music, technology & life in pasadena, california

Hijacked by Google

I’ve been living with Google Desktop Search for the better part of six months. After a short installation procedure and indexing time, everything on your computer’s hard drive is indexed for search. Instant search. No longer do you have to wait while your operating system’s Find feature churns endlessly looking for that obscure text or Word document; it all happens in under a second. It’s a big boon to desktop productivity.

I was hesitant at first because I was worried about the possibility of someone at Google being able to read the contents of my hard drive, but with Zone Alarm Pro installed I’m notified whenever a program wants to “call home” and I can block the action, so I felt pretty safe.

Recently while working in my office, I heard my computer shut down and restart. Hmmm, strange…I didn’t notice a power failure or brownout. When the computer finished rebooting there was an extra toolbar along the right side of the screen that was almost impossible to get rid of. When I finally cleared the windows, my whole desktop had been rearranged and icons moved. When I finally got a handle on the incident, I realized that Google Desktop/Toolbar had updated itself (I had allowed it to “call home” earlier in the day) and installed its new version onto the drive, all without telling me or even asking me if that’s what I wanted.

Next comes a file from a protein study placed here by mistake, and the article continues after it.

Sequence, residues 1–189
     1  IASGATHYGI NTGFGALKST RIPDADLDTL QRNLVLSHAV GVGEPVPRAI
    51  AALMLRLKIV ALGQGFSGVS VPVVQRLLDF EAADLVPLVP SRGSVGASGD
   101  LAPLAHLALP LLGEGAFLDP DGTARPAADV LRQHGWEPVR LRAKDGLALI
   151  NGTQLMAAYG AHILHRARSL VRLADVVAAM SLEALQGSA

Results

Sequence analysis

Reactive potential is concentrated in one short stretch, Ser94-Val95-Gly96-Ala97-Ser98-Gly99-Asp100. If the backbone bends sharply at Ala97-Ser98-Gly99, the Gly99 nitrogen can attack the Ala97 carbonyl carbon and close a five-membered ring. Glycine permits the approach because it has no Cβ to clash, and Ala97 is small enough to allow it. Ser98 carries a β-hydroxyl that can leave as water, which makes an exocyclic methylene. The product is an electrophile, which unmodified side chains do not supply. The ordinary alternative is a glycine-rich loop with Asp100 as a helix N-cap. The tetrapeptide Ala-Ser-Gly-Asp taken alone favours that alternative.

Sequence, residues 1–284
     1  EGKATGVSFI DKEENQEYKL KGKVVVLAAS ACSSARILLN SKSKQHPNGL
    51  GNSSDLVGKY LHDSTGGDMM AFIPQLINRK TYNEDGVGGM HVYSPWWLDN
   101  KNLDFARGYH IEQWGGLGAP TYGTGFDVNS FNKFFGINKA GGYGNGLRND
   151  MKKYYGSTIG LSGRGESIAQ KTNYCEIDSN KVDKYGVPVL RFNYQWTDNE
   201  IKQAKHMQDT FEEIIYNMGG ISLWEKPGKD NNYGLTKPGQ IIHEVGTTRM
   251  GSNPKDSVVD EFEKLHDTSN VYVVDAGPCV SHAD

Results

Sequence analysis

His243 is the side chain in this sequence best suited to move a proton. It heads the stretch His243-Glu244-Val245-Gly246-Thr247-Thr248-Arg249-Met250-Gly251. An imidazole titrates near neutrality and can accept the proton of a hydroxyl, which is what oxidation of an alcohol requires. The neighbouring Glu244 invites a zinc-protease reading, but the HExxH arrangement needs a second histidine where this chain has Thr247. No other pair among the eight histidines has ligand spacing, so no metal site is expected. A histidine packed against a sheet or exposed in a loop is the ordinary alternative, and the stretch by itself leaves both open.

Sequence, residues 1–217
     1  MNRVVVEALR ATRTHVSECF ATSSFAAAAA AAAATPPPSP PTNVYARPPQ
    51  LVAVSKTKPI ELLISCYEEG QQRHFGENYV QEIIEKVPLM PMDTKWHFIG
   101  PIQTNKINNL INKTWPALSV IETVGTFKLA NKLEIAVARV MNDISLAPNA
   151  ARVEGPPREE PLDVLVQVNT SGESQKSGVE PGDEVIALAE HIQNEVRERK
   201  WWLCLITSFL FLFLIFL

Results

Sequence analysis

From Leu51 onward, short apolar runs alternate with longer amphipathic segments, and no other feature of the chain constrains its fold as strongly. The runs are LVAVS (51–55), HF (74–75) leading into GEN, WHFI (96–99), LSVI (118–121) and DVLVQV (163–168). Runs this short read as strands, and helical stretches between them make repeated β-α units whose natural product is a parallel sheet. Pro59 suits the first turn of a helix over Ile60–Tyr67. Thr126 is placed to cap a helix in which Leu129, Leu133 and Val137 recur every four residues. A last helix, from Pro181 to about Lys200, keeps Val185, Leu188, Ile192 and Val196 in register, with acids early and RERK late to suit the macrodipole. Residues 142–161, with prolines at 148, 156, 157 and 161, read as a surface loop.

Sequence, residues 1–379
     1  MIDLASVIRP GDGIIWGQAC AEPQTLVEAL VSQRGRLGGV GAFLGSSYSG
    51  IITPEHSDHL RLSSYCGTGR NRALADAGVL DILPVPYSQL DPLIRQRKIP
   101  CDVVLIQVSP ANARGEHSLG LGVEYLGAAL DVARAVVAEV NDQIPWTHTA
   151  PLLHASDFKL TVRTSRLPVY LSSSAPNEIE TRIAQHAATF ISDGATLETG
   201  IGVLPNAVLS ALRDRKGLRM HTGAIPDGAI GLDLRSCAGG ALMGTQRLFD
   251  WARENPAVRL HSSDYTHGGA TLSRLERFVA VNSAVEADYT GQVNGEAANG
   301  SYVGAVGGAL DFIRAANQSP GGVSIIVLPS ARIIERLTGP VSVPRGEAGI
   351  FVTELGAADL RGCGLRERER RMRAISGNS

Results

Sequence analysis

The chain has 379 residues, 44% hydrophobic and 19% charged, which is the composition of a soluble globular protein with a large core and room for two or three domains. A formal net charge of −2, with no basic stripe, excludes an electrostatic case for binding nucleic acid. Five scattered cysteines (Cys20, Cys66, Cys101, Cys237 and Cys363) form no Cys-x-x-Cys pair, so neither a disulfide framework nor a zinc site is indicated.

I later found that the sidebar was Google Gadgets, a useless group of applications that mimic Apple’s Widgets. OK, maybe they're not useless, but I hate having things cluttering the desktop. Do you really need to have a real-time thermometer, analog clock or news aggregator open all the time taking up valuable screen-estate?

I don’t mind when a piece of software checks for updates, but no action should be taken without the express wishes of the user and that clearly did not happen here. Updating should never be automatic. It should be opt in, not opt out. I took it as a sign to be wary of Google, the company whose motto has always been “Don’t be evil”.

Well, it was good while it lasted…

September 14, 2008 | Link to this entry


Paul Viapiano is a guitarist working in film, television and live performance based in sunny Pasadena, California.

You can email me here.

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